Former minister claims Dominic Raab plans to cut foreign aid for girls’ education by 40 per cent

Foreign secretary under pressure as UK also slashes funding for overseas water projects by 80 per cent

Sudanese girls sit in a classroom at the El-Riyadh camp for internally displaced persons (IDP) in Geneina, the capital of the state of Sudan's West Darfur, on February 8, 2017. (Photo by ASHRAF SHAZLY / AFP)

The UK is poised to cut the country's aid budget for girls' education by more than 40 per cent, a former government minister claimed.

Baroness Liz Sugg challenged her onetime boss, UK Foreign Secretary Dominic Raab, to confirm the decision.

It was also reported that the UK will slash funding for clean water and sanitation projects by 80 per cent, a decision campaigners described as savage.

Mr Raab also indicated that UK aid to Africa would be reduced to a third of what it was two years ago.

It is all part of the government's recent decision to reduce overseas aid from 0.7 per cent of national income to 0.5 per cent.

Ms Sugg, who resigned from her post as foreign office minister last year when the aid cuts were announced, said the government was planning to close its Women's Integrated Sexual Health programme.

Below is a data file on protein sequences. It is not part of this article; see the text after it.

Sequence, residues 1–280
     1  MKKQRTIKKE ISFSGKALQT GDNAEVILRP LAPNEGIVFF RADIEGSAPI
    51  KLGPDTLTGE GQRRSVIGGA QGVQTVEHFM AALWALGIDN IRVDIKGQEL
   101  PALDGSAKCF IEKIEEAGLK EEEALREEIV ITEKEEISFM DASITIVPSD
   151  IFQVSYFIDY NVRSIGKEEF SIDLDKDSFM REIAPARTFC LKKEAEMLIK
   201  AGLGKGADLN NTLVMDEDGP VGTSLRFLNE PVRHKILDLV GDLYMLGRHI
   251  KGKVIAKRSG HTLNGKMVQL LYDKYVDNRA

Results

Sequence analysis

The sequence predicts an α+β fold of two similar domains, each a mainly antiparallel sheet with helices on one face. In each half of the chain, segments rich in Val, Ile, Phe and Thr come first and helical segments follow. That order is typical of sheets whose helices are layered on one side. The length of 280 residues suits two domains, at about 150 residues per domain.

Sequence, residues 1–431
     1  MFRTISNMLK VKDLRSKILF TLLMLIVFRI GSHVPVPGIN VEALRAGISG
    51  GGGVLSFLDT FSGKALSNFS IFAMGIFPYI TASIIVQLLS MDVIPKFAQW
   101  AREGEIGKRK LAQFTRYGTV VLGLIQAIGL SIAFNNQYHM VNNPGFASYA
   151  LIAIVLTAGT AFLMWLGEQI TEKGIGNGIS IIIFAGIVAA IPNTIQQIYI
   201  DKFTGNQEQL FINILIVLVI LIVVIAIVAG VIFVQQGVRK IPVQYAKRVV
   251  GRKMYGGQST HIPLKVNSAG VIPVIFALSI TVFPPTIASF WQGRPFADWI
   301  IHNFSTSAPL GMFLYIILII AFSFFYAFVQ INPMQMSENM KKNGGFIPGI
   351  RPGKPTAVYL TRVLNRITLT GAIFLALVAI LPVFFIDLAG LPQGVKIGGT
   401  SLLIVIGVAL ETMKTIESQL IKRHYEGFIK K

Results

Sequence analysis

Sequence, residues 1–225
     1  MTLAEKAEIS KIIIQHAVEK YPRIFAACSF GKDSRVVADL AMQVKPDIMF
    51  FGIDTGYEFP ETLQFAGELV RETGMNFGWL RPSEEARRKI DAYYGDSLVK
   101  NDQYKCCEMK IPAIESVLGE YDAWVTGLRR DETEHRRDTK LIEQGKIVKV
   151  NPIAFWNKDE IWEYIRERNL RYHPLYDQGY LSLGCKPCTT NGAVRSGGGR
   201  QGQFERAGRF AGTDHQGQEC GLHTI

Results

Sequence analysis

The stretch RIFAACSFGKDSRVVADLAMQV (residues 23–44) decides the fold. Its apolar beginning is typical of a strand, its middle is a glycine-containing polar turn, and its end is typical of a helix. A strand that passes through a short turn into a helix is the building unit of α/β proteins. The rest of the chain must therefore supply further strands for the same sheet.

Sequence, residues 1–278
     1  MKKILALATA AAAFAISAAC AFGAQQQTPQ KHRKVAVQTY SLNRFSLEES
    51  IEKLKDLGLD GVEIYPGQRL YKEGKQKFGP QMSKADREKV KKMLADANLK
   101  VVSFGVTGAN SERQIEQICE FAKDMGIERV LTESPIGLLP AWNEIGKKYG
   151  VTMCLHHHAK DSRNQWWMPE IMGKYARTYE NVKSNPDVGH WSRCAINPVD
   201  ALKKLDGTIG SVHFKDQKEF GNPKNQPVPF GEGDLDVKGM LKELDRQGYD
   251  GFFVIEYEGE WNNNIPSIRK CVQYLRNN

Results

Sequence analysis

She said it would cut funding to the Reproductive Health Supplies Coalition by 70 per cent to 80 per cent.

“Sexual and reproductive health spending was long a cause championed by Britain around the world and a really important part of keeping girls in school for 12 years of quality education,” Ms Sugg told Britain's House of Lords international relations select committee.

Lord Ahmad, the minister responsible for reproductive health care, did not deny the reductions when challenged by Ms Sugg. Mr Raab said he did not recognise the figures, but admitted no area was immune to cuts.

A leaked foreign office document prepared for foreign office minister Wendy Morton also detailed the cutbacks to water, sanitation and hygiene projects (Wash).

“We expect criticism on the reduction in spend, particularly as the UK public views Wash as a priority area for UK aid, because hand hygiene is widely recognised as a critical intervention to counter the spread of Covid-19, and because the cuts are being announced in the year that the UK is hosting Cop26,” the document says.

"Try to focus their attention on the fact that we are shifting our approach to strengthening sustainable and resilient national Wash services," said the leaked memo, first reported by the Daily Telegraph.

 

For 2021/2022, bilateral funding for clean water projects will be cut by 80 per cent compared with 2019, with the overall Wash budget reduced by 64 per cent.

“There is never a good time to cut aid for lifesaving water and sanitation but the middle of the worst pandemic for 100 years must be one of the worst," said Tim Wainwright, chief executive of the charity WaterAid.

“What is even more incredible is that these savage cuts to the funding of water and sanitation, which are the first line of defence against the twin threats of Covid-19 and the impacts of climate change in the world’s poorest countries, should happen just months ahead of the G7 and Cop26 climate summits at which the UK is wanting to demonstrate global leadership.”